Is this the other shoe dropping?
For the past couple of years, Sheila Dixon has lived, worked and even gotten elected Baltimore mayor while under a cloud of suspicion as the state prosecutor investigated some eyebrow-raising contract-awarding patterns at City Hall.
All sorts of interesting details emerged about Dixon's tenure as City Council president - usually on the pages of The Sun, it must be said - from a company that hired Dixon's sister winning city contracts to various Dixon pals getting the same treatment.
And yet Dixon carried on, a picture of calm in the eye of this slow-swirling storm while subpoenas flew, offices were searched and bodies dropped, or at least pleaded guilty to something as Dixon remained untouched.
Until yesterday, that is, when prosecutors finally made their first public strike at the center of their long-running, nipping-around-the-edges investigation by raiding Dixon's house.
Who knows what they took, what was in the boxes, accordion files and blue wheelie cooler that they packed into the trunk of a Dodge Caravan, like some family of accountants on their way to the beach?
Who knows what Dixon might be charged with, or if she will even be charged with anything at all?
But for the woman who so famously waved one of her shoes during a racially charged City Council meeting and asked her white colleagues how they liked it now that it (meaning: political power) was on the other foot (meaning: black), it sure seemed like the other one might be dropping.
Despite perfect stakeout weather - believe me, over the years I've stood in decidedly worse weather waiting for the guys in the windbreakers to cart out the boxes - waiting outside Dixon's home yesterday to see whatever there was to see still gave me a queasy feeling.
I happen to think Dixon had a point - albeit an artlessly voiced one - back in 1991, when what was already a majority-black city still had a majority-white leadership. (She has said she was responding to a racial insult from a white council member.)
Flash forward to today, when not only are the four top elected city officials - mayor, council president, state's attorney and comptroller - black, they're also women.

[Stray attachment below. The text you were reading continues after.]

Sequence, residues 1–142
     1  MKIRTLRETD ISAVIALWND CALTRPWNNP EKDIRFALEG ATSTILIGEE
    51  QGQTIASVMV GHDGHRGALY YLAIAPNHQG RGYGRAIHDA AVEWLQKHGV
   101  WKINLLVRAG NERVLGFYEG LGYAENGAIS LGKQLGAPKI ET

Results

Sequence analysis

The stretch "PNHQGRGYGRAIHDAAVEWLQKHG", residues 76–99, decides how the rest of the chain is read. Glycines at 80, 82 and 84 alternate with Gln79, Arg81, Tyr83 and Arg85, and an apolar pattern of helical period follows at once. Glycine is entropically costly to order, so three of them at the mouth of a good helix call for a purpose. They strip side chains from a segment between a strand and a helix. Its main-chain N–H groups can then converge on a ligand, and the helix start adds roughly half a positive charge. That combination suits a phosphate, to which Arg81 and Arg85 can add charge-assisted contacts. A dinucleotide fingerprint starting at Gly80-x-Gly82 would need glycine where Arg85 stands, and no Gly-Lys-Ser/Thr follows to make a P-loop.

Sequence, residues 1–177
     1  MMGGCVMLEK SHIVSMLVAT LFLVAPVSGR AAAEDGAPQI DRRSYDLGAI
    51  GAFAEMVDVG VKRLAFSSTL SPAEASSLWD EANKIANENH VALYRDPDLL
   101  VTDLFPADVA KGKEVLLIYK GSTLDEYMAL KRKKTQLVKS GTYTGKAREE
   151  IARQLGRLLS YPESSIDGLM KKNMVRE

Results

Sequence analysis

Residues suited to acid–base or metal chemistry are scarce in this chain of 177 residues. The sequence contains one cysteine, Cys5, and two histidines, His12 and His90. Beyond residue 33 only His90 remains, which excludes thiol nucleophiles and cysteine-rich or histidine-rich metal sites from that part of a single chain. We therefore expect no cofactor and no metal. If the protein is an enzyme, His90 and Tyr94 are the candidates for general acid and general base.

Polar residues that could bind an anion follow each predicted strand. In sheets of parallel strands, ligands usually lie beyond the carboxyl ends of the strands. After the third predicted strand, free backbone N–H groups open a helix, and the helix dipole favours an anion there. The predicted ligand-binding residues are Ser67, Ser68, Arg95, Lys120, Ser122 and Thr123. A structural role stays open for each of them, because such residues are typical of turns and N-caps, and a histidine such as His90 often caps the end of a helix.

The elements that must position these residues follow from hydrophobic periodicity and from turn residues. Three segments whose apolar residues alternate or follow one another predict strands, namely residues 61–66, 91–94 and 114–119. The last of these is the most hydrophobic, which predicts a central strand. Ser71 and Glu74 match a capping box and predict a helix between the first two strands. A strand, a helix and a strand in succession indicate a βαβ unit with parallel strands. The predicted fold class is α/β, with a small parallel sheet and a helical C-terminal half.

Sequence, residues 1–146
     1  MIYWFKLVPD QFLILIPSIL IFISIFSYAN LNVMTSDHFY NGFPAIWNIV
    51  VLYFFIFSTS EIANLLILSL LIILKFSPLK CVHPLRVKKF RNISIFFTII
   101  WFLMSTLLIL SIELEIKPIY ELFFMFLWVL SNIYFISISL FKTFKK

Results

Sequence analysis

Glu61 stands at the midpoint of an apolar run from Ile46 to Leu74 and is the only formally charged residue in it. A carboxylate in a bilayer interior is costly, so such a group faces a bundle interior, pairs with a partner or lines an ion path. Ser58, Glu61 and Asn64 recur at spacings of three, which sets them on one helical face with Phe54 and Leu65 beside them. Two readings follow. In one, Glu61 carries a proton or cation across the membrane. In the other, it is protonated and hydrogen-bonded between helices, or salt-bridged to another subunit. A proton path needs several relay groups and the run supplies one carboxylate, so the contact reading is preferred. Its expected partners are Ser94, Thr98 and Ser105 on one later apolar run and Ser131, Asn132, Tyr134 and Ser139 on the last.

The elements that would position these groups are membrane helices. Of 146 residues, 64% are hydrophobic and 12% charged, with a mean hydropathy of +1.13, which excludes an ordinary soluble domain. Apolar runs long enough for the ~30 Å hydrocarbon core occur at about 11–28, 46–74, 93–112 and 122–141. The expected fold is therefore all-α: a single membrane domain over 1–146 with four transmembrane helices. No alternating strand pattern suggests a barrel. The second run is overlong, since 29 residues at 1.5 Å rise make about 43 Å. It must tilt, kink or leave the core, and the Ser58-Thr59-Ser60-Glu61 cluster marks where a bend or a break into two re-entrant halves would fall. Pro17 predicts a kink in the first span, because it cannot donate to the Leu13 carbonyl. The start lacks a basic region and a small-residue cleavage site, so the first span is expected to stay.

At this point, surely no one is naive or partisan enough to think that simply electing - pick a group: blacks, women, Democrats, Republicans, Martians, whatever - means you're going to automatically get better government. No, diversity is a worthy goal in and of itself, not a straight path toward getting a purer, nobler public official.
As Baltimore's first female mayor, Dixon already has her place in city history. But yesterday watching her - wearing a jaunty track suit and baseball hat and leaving her home in the hands of the state officers searching it - I wondered what the rest of her chapter would say.
Would she join the rogues' gallery of fallen public officials, which in Maryland takes up quite a big wall, from Spiro Agnew to Marvin Mandel, from Jacqueline McLean to Ed Norris?
We're getting way ahead of ourselves here, of course, and Dixon has not been charged with anything. Those who have liked much of what they've seen so far in her six months as mayor - the declining homicide and shooting rates, the single-stream recycling, for example - are hoping that they'll still have a mayor who can continue working on the city's problems and not her own.
But it's hard to ignore this ethical cloud that has hovered over Dixon and has darkened with yesterday's raid. What we do know to date is troubling, from Dixon's campaign manager not filing tax returns for work he did at City Hall, to her sister being employed by a company that won city contracts, to Dixon herself admitting to twisting arms to help out a contractor friend.
If Dixon wanted that shoe on the other foot so that it's her turn to help out family and friends, well, maybe that explains the true meaning of that much-maligned slogan that the city adopted a couple of years ago.
Is Dixon simply getting in on it?